Protests against writer Salman Rushdie's knighthood continue to rage in Pakistan, with a prominent cleric "condemning him to death", as former prime minister Benazir Bhutto demanded the dismissal of a minister for "calling for the murder of a foreign citizen".
The Imam of Islamabad's Lal Masjid, Maulana Abdul Rashid Ghazi, said in a statement: "He is condemned to death. Whosoever is in position to kill him, he should do so."
Hundreds of traders and Muslim seminary students also joined politicians belonging mainly to rightwing conglomerate Muttahida Majlis-e-Amal (MMA) in demonstrating their anger at the British honour given to the India born Rushdie.
Effigies of Rushdie were burnt at Islamabad, Lahore, Multan and other Pakistani cities, the Daily Times reported Thursday.
"This is an attempt to provoke Muslims all over the world," Hafiz Hussain Ahmed, an MMA leader, told a rally of about 200 women outside parliament in Islamabad. Several hundred people including members of the provincial parliament protested in Lahore.
Adding her voice to the intensifying debate, Bhutto said in a statement that Religious Affairs Minister Ejaz-ul-Haq had done "a great disservice both to the image of Islam and the standing of Pakistan by calling for the murder of a foreign citizen".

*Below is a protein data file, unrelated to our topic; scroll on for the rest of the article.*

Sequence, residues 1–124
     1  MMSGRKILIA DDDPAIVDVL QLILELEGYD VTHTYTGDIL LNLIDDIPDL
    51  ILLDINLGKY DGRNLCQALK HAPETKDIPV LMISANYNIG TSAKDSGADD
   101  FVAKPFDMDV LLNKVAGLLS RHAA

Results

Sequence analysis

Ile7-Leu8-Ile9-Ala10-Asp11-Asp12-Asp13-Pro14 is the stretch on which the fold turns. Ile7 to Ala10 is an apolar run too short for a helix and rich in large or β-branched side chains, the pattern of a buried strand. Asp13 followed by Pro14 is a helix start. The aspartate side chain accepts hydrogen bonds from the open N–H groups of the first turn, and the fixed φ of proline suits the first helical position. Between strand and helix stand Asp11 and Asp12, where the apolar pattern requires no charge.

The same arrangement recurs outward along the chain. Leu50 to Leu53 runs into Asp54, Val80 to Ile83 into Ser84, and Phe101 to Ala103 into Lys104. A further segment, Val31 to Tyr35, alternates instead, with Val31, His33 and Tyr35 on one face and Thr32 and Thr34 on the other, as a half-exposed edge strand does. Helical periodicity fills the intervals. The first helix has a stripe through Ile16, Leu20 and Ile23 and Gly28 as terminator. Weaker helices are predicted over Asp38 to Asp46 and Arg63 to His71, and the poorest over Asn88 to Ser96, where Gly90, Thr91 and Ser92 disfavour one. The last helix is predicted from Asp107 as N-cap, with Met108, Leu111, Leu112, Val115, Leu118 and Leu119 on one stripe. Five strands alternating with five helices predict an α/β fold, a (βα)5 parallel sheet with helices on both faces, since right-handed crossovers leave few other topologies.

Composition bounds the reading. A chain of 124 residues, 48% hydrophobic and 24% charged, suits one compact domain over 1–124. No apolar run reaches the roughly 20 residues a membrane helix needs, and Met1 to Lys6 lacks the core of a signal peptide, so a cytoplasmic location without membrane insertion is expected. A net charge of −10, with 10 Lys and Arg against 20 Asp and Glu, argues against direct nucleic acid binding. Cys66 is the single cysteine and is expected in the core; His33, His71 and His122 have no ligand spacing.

Haq had reacted angrily last Tuesday to Rushdie being conferred a knighthood by British Queen Elizabeth II on her birthday, saying that such a "provocative" act could justify suicide attacks.
The British government took serious exception to a minister making such a statement and conveyed its displeasure to the Pakistani government.
Bhutto said in a statement that although the sentiments of Muslims were outraged when Rushdie was awarded a knighthood, neither Islam nor the law allowed suicide attacks.
Bhutto has been living in exile, alternating between London and Dubai.
While she has spoken out, there is no reaction from her rival-turned-ally and another former prime minister, Nawaz Sharif, who heads the conservative Pakistan Muslim League-Nawaz.